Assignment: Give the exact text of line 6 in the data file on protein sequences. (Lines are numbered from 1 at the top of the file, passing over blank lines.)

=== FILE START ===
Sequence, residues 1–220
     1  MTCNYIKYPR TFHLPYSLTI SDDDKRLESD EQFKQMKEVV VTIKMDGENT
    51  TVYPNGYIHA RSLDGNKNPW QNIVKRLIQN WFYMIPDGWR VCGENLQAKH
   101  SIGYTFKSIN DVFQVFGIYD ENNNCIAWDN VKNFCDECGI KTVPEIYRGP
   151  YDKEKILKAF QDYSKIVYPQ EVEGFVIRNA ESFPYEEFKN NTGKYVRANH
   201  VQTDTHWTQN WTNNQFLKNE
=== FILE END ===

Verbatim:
   201  VQTDTHWTQN WTNNQFLKNE